LOS ANGELES — Like many a star attending the Academy Awards, Oscar’s winners’ envelope is getting a makeover.
For 70 years, the envelope — as in “the envelope, please” — was nothing more than a plain, white paper envelope, the kind available at any office supply store.
This year, the Academy of Motion Picture Arts and Sciences is glamming up the way it unveils the names of those winning the industry’s highest honor: It’s replacing the plain white envelope with a custom-designed keepsake envelope and announcement card that looks great on TV.
“The idea of the envelope was created by the Oscars, so this really is THE envelope,” says Steve Bass, the production designer for this year’s show who helped usher in a new envelope era. “It made so much sense to heighten the visual experience of what the envelope is.”
The new envelope, designed by Marc Friedland, is made of iridescent gold paper watermarked with little images of Oscar. It’s lined with shiny red paper embossed with gold Oscars. The winner’s name appears on a heavy piece of lacquered red paper inside, with the category listed on the back. The envelope will be sealed with a shiny red sticker adorned with two strips of red ribbon.
It was also designed for ease of use: It opens quickly and the card inside slides out smoothly, so no precious papers will be torn or mangled during the award announcement.
“There’s no more significant moment than the anticipation that comes with opening the envelope. It’s the most iconic, symbolic envelope in the world,” says Friedland, whose company produces invitations for celebrities and corporate events. “Using a store-bought envelope is like showing up to the Academy Awards in shorts and flip-flops.”
Friedland says he had long been frustrated with the look of Oscar’s envelope. It was “more functional than iconic,” he says, explaining that the envelope was first introduced to the Oscar ceremony after a winner’s name had leaked out early.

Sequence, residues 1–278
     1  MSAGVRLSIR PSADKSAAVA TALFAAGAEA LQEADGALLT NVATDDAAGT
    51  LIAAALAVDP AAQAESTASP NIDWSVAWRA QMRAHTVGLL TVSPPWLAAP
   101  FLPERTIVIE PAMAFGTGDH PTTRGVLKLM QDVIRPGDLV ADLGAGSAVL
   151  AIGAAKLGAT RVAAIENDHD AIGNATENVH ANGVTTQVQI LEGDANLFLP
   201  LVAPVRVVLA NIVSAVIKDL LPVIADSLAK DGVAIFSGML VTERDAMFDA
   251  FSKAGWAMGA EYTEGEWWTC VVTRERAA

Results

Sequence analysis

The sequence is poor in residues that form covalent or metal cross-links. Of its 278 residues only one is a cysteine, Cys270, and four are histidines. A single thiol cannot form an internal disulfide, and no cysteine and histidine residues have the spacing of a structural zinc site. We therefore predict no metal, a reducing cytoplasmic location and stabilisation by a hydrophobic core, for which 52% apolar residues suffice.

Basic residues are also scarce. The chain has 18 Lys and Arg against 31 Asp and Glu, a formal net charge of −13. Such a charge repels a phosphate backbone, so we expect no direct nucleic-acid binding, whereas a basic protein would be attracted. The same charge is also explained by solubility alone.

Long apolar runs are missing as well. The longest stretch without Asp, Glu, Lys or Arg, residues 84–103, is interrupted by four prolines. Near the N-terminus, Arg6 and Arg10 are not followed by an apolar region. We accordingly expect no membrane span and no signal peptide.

Oscar producers Bruce Cohen and Don Mischer decided this was the year they’d upgrade the envelope. They turned to Friedland, who calls himself “the stationer to the stars,” about two weeks ago. He says took design cues from the look of this year’s Oscar set.
“It has an elegant Hollywood regency feel to it,” Friedland says.
Academy officials haven’t decided if they will redesign the Oscar envelope each year or stick with Friedland’s red-and-gold design for future shows.
The stationer called it “the most important envelope in the world” and says designing it has been the highlight of his 25-year career. He will also be attending the Feb. 27 ceremony.
But he still won’t learn the winners’ names early.
His deadline for the finished envelopes is the same day Oscar ballots are due: Feb. 22.
Since the only people on Earth who know the Oscar winners in advance are two accountants at PricewaterhouseCoopers, Friedland prepared insert cards for each of the nominees. It’s up to the accountants to stuff and seal the envelopes properly and shred any leftovers.
He said he hopes the new envelopes become “a keepsake to accompany Oscars wherever they go.”
Bass, a two-time Emmy winner, says, “You keep the envelope. It’s a huge part of the memory as well as the actual statue.”
The attention to the envelope on this year’s Oscars is indicative of the producers’ overall approach to the telecast, Bass says: “The envelope is just the tip of the iceberg for what people are going to experience on the show this year in a new, fresh way.”